BSL, SSE or Makaton what’s the difference between these communication methods? To the untrained eye BSL, SSE and Makaton look the same. However, there are distinct differences between all three communication methods which will be explained below:
Makaton vs British Sign Language:
Learners often become confused about British Sign Language (BSL) and Makaton because they look similar to each other. Makaton also looks easy to understand. One reason is that we naturally use gestures as part of our daily communication without even realising it. Our brains easily identify universal gestures that we have seen all our life.
Makaton is a communication method that uses speech, individual signs and symbols to help people with learning difficulties communicate. You may see terms such as ‘Makaton signs’ because Makaton ‘borrows’ gestures and signs from British Sign Language. It is not a language. It is a system designed to be easy to understand and be used by people with learning disabilities who need a way to communicate that involves simplified speech.
Makaton is always used alongside speech. The gestures are used in speech order so follow English grammar patterns. Makaton was designed to support spoken language. The ‘signs’ are usually very simplified hand gestures. For example to show eating, involves the hand moving towards the mouth and at the same time saying food, hungry or eat.
Makaton uses individual hand signs, unlike Sign Language that has a complex grammatical structure. You can’t use Makaton for complex information such as describing a timeline of events that happened in the past or events that will happen in the future.
Makaton is great for very young children with learning difficulties. Children’s TV programmes such as Mr Tumble use Makaton. This has helped raise awareness of alternative, more visual forms of communication. Makaton is so easy to use, it can even be used with pre-lingual babies to make communication easier.
For further details about Makaton, you can look at the Makaton charity website
SSE vs BSL:
What does SSE stand for? It’s a short way of saying ‘Sign Supported English’. SSE is more closely related to Makaton than to BSL in that SSE follows spoken language patterns. SSE can use the same signs as BSL but the signs are used in spoken word order. It is not a language in its own right but can make spoken English more visual.
Other communication methods such as Piaget Gorman signed speech system also try to make speech more visual. All these different communication methods can make learning about BSL confusing and more complicated.
Who Uses Sign Supported English?
Learners usually start using basic signs with English lip patterns until they understand the linguistic elements in BSL. People with a hearing impairment (also known as ‘hard of hearing’) who learn sign language later in life, also tend to use SSE.
SSE can be useful in education, particularly if specific words or phrases need to be explained and the communicator does not know the BSL equivalent. This is because SSE tends to use far more fingerspelling than BSL and follows the linear (one word after another) pattern of English.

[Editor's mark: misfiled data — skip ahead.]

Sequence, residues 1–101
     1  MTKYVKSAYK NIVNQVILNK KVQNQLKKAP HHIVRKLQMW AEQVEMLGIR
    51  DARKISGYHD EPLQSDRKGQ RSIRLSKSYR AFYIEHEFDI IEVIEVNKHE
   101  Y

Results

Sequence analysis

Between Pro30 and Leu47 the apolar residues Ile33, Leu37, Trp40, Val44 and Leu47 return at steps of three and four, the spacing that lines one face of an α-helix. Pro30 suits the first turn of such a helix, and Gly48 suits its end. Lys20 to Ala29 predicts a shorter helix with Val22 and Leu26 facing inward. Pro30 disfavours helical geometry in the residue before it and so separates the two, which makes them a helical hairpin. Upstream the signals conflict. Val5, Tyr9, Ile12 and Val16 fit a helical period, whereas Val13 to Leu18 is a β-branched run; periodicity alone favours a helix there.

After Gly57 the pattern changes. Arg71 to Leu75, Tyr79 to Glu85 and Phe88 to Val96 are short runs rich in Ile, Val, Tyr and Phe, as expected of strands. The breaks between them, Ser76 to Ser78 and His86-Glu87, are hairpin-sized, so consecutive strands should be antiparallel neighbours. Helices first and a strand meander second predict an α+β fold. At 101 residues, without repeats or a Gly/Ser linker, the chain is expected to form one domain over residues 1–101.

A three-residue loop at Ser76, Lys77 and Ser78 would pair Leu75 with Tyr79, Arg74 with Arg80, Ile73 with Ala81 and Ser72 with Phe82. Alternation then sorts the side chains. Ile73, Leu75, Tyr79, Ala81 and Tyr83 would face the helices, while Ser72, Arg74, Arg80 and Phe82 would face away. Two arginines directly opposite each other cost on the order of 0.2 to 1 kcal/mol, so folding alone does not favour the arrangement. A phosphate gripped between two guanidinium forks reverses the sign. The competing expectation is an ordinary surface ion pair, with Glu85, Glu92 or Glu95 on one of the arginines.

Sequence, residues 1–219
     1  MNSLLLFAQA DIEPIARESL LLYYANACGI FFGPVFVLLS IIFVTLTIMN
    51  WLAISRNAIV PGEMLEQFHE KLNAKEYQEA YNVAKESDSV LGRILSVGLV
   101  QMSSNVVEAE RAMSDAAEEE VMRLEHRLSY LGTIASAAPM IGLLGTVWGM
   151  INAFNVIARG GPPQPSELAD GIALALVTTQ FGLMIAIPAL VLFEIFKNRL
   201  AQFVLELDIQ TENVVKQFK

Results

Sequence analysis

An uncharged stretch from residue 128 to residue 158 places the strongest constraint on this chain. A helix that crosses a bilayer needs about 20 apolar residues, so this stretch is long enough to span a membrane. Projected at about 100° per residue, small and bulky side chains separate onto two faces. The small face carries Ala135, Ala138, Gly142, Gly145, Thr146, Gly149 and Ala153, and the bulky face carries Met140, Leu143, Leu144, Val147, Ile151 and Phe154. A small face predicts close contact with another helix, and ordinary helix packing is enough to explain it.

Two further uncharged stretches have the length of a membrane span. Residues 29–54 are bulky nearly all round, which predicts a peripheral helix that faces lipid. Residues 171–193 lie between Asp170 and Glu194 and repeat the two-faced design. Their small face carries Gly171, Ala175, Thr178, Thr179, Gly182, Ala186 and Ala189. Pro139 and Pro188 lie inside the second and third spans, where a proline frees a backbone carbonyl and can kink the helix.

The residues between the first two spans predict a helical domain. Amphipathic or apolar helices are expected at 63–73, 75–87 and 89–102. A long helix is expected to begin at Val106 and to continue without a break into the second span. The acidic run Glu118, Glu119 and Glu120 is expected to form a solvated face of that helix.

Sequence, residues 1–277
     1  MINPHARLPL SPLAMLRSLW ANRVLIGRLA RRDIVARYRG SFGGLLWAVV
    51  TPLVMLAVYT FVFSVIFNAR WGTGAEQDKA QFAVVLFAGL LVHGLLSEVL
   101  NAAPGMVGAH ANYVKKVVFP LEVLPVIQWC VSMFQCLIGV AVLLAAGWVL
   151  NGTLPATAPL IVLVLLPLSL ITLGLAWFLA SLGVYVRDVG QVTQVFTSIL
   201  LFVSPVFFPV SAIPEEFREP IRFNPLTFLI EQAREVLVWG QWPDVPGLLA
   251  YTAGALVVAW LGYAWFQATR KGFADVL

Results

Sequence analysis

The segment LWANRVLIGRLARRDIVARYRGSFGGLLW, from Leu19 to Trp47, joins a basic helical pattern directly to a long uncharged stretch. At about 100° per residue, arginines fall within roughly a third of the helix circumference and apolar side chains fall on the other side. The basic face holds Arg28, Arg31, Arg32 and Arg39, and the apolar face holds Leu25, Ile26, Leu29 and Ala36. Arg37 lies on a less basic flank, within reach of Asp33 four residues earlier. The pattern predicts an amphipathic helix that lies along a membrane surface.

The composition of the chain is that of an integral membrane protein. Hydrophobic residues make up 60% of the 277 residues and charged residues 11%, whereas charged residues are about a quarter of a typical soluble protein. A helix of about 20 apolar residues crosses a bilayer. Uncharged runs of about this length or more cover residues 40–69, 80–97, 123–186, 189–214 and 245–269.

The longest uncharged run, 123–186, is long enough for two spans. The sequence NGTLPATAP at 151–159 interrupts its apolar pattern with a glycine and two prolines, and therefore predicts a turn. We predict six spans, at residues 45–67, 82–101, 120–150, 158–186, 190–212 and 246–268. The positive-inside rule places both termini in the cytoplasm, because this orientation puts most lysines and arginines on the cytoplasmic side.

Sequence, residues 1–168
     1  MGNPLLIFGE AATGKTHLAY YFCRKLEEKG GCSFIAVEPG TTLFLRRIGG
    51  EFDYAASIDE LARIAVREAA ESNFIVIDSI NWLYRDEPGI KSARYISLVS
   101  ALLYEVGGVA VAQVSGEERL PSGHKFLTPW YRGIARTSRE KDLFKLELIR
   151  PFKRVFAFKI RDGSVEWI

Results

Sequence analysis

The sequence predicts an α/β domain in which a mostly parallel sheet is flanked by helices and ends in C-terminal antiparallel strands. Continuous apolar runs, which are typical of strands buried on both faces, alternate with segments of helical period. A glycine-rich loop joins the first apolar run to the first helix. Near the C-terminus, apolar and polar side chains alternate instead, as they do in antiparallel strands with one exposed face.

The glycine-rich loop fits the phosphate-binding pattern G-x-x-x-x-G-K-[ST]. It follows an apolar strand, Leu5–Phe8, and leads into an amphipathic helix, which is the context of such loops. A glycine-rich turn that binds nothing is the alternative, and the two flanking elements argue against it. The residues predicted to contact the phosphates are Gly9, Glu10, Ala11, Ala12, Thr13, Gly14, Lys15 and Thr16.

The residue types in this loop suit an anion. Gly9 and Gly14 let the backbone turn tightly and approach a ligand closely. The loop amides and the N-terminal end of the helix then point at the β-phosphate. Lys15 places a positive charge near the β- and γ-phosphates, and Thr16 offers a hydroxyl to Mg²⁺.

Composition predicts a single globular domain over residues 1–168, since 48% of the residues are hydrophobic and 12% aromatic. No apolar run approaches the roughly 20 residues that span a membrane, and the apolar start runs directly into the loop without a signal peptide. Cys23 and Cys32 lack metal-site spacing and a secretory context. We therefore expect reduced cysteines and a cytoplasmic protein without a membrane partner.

As mentioned previously, SSE like Makaton can be useful for people who have communication difficulties.
SSE is also used for signed songs. Many hearing people perform signed songs but incorrectly label them as BSL signed songs. They are nearly always SSE as they follow written English in the lyrics. On rare occasions, signed songs are performed by deaf native sign language users:
British Sign Language (BSL) ‘is a visual-gestural language that uses hand shapes, space, facial expression, and body language to convey meaning’ (BDA). Sign language has its own grammatical structure to spoken English so you cannot speak English and sign at the same time. Some learners are confused by this as they often see BSL users move their mouths when signing. This is because lip patterns are part of the grammatical structure of sign language but you can’t ‘speak bsl’.
BSL is the first or preferred language of deaf people in the UK and is the foundation of the deaf community. It is cherished among native sign language users and is the foundation for a rich history and culture. In fact, the earliest recorded use of sign language dates back to the 16th century.
Sign language is like any other language in that it has regional variations. The variations are like accents so there are signs that are specific to areas of the UK that are not used anywhere else.
There are also numerous sign languages across the world. You may have seen ASL (American Sign Language) or other sign languages being used on the news:
Sign Language was recognised as a language in the UK in March 2003. Since then Scotland has enacted the BSL Act (2015). The Act requires public bodies to make information accessible in BSL.
More recently, the BSL Act (2022) recognised BSL in England, Wales and Scotland. The Act places an obligation on the government to make sure BSL is promoted and used across government departments.
bSL, SSE or Makaton – What’s the difference?
So, now you know the differences between the different communication methods. An easy way to remember the difference is this: both SSE and Makaton use and need English to convey meaning, BSL does not.
You can discover the different elements of BSL in our guides. Perhaps you need to understand how space is used, or why facial expressions are used in BSL. Check out our guides to help you improve your BSL.